Maryland Senate candidate Donna F. Edwards said Thursday that the Democratic presidential field should be doing more to court African American voters and connect them to national progressive policies.
In an interview with The Baltimore Sun about the state of the campaign to replace retiring Sen. Barbara A. Mikulski, Edwards said that the presidential candidates should be more aggressively tying national Democratic priorities, such as Wall Street reform, back to communities of color.
"Some are more challenged than others, whether it's their history as an elected official that seems counter to where the Black Lives Matter movement is going or whether it's because they have a legislative lens that's just been about ... traditional progressive rhetoric," said Edwards, who is running against Rep. Chris Van Hollen in the state's marquee political contest.
Edwards was discussing the field at large, not individual candidates. She said that former secretary of state Hillary Clinton has "strong ties" with black communities across the country.
The comments came as the Prince George's County Democrat prepares to embark on a statewide tour for the rest of the August congressional recess, with visits to the Eastern Shore and Western Maryland next week. She plans to kick off the effort by formally opening a campaign office in Lanham this weekend.
"I want to introduce myself to folks in the region but I also want to learn about what people's priorities are," she said.
Van Hollen has also been active in those Republican-leaning, more rural areas of the state. The Montgomery County Democrat won nearly 80 percent of the vote in a straw poll conducted by the Western Maryland Democratic Political Action Committee in June, and his campaign had a more visible presence last month at the J. Millard Tawes Crab and Clam Bake on the Eastern Shore.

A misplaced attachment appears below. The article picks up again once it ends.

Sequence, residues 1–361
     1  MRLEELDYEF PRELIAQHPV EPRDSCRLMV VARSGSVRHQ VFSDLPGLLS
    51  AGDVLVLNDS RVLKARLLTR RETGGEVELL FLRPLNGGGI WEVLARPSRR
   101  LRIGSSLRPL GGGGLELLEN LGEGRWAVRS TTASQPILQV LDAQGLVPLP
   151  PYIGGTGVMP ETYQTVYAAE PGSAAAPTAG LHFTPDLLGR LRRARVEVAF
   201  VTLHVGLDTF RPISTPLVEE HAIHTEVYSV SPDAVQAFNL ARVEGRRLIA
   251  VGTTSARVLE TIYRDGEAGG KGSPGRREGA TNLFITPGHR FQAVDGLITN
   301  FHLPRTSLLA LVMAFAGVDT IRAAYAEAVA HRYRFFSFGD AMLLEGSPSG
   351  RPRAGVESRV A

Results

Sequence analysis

If elected, Edwards would be the first African American to represent Maryland in the Senate and the second black woman to serve in the chamber nationwide.
Race was a central component of an address she delivered to the Netroots Nation conference in Phoenix last month. Noting the lack of black representation in the chamber, Edwards said that "people shouldn't be afraid that one, one little black woman -- just one out of a hundred -- is going to be in the United States Senate."
A day later, Democratic presidential candidates Martin O'Malley -- the former Maryland governor -- and Sen. Bernie Sanders of Vermont were interrupted by Black Lives Matter protestors. They were both criticized for how they handled the exchange.
"I see the deep connection between my values as a progressive and my values as a black woman and I don't see a dime's bit of difference between those," Edwards said Thursday in response to a question about the incident. "I think that our presidential candidates should take a page out of that book."